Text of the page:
Book publication – Phraseology in Legal and Institutional Settings

I’m happy to announce today the recent publication by Routledge of Phraseology in Legal and Institutional Settings – A Corpus-based Interdisciplinary Perspective, edited by Stanislaw Goźdź-Roszkowski and Gianluca Pontrandolfo.

The volume is intended to be a resource for linguists interested in phraseology as well as lawyers and legal scholars, translators, lexicographers, terminologists and students who wish to pursue research in the area.

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Monday smile – Beware of small print

Loving this “joke” clause inserted into the T&Cs of a wifi firm in the UK.

Having failed to read the small print of the terms and conditions of their contract, it seems that 22,000 people are “legally bound to 1000 hours of community service, including, but not limited to, cleaning toilets at festivals, scraping chewing gum off the streets and ‘manually relieving sewer blockages’”.

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All about interpreting and translating for Europe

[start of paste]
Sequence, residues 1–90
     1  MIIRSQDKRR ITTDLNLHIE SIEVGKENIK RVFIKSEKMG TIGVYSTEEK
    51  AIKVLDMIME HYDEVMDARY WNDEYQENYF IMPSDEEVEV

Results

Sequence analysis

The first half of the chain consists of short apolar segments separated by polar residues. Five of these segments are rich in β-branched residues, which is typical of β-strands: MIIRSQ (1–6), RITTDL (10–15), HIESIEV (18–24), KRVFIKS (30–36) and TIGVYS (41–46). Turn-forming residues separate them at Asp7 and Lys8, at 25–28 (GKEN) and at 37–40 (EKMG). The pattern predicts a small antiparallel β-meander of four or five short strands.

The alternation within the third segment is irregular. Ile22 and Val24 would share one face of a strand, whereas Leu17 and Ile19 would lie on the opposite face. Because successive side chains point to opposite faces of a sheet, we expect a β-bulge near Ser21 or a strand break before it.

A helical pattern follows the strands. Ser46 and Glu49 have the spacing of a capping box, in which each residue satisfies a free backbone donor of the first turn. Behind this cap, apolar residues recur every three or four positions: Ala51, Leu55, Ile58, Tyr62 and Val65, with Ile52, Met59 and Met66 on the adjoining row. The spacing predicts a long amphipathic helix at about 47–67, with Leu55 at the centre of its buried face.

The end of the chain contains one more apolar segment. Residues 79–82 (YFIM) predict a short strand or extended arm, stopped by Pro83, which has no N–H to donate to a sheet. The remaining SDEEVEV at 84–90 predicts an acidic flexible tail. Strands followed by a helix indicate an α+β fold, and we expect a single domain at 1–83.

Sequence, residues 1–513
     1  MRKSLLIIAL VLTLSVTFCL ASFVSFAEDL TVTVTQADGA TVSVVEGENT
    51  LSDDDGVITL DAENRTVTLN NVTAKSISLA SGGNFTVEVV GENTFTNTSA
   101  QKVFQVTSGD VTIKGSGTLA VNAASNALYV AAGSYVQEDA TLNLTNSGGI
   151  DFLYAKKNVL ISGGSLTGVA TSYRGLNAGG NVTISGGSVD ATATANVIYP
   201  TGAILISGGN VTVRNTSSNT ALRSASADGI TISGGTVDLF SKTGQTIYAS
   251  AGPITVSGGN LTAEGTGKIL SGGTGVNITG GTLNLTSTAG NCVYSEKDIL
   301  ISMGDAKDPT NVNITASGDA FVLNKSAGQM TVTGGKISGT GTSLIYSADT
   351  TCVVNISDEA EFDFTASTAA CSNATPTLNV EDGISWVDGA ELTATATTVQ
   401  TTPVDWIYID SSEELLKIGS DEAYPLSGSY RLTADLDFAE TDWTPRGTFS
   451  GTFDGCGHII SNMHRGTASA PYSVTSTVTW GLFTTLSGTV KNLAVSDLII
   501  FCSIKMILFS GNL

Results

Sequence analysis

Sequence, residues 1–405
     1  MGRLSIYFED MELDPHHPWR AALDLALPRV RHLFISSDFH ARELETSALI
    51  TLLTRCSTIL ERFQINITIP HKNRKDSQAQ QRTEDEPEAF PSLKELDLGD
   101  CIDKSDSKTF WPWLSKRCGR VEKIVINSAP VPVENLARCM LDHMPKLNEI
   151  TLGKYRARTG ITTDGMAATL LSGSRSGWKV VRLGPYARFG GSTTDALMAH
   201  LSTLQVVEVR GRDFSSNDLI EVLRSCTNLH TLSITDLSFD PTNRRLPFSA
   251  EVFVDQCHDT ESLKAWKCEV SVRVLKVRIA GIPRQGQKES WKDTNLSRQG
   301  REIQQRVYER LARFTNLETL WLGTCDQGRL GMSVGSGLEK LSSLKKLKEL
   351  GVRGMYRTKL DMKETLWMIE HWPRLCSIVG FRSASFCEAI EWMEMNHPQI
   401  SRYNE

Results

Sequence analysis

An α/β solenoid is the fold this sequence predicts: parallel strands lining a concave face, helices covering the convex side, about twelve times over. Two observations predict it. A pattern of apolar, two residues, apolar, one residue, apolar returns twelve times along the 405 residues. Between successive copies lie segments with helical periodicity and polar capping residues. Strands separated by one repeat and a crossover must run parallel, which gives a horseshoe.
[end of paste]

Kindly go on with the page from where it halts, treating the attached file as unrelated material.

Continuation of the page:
The Interinstitutional Committee for Translation and Interpretation, the forum for cooperation between the language services of the European Union institutions and bodies, has recently published an updated 24-page guide entitled “Interpreting and translating for Europe“.

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Book publication – Handbook on notarial deeds (FR/ES)

Today it is a pleasure to inform you of the recent publication of a comparative study of notarial deeds issued in the French and Spanish legal systems “Manual de traducción jurada de documentos notariales en materia de sucesiones entre los sistemas jurídicos francés y español“.

It is intended for legal and certified translators, lecturers and researchers in the field of Legal Translation Studies, and for comparatists and notaries public wishing to consolidate their thematic competence on civil law and, specifically, on French and Spanish notarial and inheritance law. Continue reading

Monday smile – Perchers, slug-a-beds and sillytonians

Dominic Watt, senior lecturer at the University of York, UK, and his team of researchers have recently published a list of strange English words that had almost disappeared from use.

Watt was quoted as saying “We’ve identified lost words that are both interesting and thought-provoking, in the hope of helping people re-engage with language of old”.

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